The September jobs report is a glimpse in the rearview mirror. Despite the soft September report, there’s still a case for optimism in the coming months. Cases of COVID-19 have dropped significantly since the beginning of September and the labor market is likely to return to the same place it was before the Delta surge. Many employers are still competing heavily for workers amid a severe imbalance in labor supply and demand and that is unlikely to change any time soon. As we head into the fall, the resumption of school reopenings and expiration of UI benefits may push some workers back into the labor force, but red-hot labor demand is likely to keep labor shortages top of mind for employers.
Payroll growth slowed to 194,000 in September. August’s upward revisions to 366,000 help, but we’re clearly experiencing a significant Delta slump. Hopefully, with the Delta wave receding, this will be the worst of the slowdown.
Private payroll growth was largely unchanged in September (+317,000, from +332,000 in August). It’s really government job losses (-123,000) that slowed gains.
The bottom right panel shows how enormous the non-seasonally-adjusted swings in government jobs are due to the school year. This makes it difficult to forecast job gains around the start and end of the school year. Seasonal swings are likely smaller in 2021 due to leaner pandemic workforces in schools. Delayed school reopenings have also likely crimped hiring for schools.
The seasonally-adjusted job losses in education are not necessarily a worry for September. In the above chart, you can see that we saw the same pattern in 2020 due to the seasonal adjustment. The real worry is job losses in education over the course of the pandemic are still significant. The below chart shows the industries with the largest remaining shortfalls in payroll employment are still leisure & hospitality, education & health services (includes private education), and government (includes state & local education).
Thus far, payroll employment has recovered much faster than in previous recessions, but at September’s pace, it would take another 25 months to recover to pre-pandemic levels. Thankfully, it does seem like we’ll get faster growth in the coming months.
The job losses by industry highlight that education was really the driver of weakness in September. Leisure & hospitality job gains were weaker than usual, but broad-based job gains elsewhere are encouraging.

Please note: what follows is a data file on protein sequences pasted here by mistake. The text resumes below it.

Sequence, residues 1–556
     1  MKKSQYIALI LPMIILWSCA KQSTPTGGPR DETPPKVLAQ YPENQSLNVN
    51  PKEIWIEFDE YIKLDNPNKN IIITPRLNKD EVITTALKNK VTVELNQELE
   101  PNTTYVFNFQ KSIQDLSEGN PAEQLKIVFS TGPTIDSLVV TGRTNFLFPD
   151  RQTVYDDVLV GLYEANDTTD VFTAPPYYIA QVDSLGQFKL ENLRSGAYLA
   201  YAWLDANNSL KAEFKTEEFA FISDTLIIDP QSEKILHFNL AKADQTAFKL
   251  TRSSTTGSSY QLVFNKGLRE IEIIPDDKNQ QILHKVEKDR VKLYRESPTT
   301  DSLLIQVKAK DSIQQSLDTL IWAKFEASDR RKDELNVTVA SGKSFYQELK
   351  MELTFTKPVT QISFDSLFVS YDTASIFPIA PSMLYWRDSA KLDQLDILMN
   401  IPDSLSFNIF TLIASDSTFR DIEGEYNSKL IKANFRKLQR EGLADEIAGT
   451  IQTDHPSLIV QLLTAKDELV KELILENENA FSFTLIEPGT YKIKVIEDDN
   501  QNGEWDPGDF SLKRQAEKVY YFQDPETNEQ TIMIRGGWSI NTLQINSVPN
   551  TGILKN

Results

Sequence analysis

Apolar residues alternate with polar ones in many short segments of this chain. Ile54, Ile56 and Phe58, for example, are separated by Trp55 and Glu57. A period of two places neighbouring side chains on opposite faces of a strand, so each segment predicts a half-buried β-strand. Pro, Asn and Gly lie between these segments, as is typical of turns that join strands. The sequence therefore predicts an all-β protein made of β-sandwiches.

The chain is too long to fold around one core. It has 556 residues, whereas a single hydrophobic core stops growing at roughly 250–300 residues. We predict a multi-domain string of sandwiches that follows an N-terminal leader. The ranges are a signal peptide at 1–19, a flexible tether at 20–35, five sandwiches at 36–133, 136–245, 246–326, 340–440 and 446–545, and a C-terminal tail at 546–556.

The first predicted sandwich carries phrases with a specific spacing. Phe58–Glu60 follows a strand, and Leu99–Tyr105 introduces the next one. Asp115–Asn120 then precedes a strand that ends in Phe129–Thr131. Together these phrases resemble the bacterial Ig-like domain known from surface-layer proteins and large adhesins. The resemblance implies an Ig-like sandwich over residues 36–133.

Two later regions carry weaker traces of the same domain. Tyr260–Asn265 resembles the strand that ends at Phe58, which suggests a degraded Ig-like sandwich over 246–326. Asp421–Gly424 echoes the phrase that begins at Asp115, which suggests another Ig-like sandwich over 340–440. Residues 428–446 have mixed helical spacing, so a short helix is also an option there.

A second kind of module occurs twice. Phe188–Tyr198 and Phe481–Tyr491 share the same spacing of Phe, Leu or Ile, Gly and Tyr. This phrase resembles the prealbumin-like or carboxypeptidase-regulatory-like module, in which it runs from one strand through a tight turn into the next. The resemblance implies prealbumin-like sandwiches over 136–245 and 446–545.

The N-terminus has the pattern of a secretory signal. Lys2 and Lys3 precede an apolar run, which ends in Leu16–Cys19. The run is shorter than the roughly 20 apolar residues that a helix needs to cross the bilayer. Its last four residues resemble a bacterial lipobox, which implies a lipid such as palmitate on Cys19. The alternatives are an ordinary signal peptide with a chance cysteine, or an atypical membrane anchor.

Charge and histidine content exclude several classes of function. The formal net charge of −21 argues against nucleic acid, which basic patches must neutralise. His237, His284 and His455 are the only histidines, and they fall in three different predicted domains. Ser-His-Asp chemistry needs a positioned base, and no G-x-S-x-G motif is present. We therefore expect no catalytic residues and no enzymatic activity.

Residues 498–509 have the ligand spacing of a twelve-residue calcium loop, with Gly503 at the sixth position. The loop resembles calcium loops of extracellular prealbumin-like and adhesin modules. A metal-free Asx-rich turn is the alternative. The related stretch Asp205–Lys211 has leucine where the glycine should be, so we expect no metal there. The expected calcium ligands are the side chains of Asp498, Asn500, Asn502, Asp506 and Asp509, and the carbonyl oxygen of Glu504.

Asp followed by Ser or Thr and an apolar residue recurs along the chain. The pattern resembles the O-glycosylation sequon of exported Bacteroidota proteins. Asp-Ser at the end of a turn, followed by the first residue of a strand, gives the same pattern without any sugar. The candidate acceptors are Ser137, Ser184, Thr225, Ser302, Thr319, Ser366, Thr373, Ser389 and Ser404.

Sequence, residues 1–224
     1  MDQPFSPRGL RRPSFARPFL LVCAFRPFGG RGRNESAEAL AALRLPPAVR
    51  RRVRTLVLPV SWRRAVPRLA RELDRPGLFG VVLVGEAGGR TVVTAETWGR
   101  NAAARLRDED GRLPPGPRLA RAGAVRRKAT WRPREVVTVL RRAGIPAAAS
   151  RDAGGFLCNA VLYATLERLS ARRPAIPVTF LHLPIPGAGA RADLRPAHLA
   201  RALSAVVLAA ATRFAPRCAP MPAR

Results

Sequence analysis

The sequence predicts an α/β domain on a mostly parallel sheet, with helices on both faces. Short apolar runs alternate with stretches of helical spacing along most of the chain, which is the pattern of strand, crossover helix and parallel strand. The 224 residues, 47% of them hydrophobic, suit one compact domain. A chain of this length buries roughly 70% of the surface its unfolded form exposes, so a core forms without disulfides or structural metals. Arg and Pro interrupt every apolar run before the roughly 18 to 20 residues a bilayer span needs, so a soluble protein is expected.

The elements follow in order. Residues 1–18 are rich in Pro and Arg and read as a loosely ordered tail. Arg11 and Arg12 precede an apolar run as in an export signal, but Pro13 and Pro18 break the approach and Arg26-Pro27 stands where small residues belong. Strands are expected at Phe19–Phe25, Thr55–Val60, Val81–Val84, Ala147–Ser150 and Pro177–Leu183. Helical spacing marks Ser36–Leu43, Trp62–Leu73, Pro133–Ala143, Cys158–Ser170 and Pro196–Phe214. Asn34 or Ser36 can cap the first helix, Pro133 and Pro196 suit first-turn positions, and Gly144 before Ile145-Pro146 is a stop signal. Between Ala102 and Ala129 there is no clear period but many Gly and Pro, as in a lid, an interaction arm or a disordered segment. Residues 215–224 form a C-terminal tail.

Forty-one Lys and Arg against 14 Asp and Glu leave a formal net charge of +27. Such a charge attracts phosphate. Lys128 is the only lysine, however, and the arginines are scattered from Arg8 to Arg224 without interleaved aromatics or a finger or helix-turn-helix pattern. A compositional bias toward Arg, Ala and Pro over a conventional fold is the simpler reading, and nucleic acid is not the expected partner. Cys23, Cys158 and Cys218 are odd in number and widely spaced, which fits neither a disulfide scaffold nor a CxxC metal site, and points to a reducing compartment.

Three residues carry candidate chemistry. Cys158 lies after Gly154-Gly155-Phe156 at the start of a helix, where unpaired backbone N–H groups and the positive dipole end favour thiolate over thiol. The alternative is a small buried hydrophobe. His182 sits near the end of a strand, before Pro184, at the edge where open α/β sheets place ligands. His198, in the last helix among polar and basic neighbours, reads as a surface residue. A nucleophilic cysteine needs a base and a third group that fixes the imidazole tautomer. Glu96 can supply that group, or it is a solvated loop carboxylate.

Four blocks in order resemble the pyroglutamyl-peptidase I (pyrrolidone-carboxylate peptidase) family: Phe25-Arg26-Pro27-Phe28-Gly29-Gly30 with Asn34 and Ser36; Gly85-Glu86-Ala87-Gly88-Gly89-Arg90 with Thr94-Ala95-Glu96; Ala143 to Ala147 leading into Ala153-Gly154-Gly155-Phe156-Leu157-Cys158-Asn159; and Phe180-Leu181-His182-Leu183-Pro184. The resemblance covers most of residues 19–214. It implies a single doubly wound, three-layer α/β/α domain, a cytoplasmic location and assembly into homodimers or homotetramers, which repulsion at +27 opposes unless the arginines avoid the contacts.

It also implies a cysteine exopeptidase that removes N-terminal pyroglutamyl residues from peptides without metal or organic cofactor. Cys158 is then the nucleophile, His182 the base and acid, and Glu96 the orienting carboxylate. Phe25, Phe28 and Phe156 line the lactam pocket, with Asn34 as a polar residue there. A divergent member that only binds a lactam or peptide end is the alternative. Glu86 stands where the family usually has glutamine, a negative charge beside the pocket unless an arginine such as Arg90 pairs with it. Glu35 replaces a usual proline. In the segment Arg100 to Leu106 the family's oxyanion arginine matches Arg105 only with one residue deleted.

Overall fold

Annual wage growth for production & nonsupervisory employees in leisure & hospitality was largely flat in September. Wage growth flat at 12.9 percent year-over-year though indicates that demand for workers is still red-hot despite the Delta slowdown.
On the household survey: the unemployment rate dropped to 4.8 percent despite weak payroll growth. Labor force participation dipped slightly, but the improvement was still largely due to more Americans finding jobs.
Temporary and permanent layoffs both fell. Temporary layoffs fell to 1.1 million from 1.2 million. Permanent job losers fell to 2.3 million from 2.5 million. While temporary layoffs are still elevated, future job gains will have to come increasingly from permanent job losers.
The Black unemployment rate dropped to 7.9 percent after a big jump in August. Improvement is encouraging though it has been inconsistent during the recovery, and there’s still a long way to go to close the gap.
The teen unemployment rate was one of the few unemployment rates to rise in August and is getting closer to pre-pandemic levels, perhaps suggesting the end of pandemic trends (e.g. school closures, UI benefits) that may have boosted teen work.
Remote work due to Covid was largely flat in Sep as the Delta wave peaked. This share is likely to drop in coming months as offices reopen.
As a reminder, access to remote work is still primarily concentrated in office-based, higher-income occupations. Many workers across the United States in frontline service or goods-producing occupations simply do not have access to remote work options.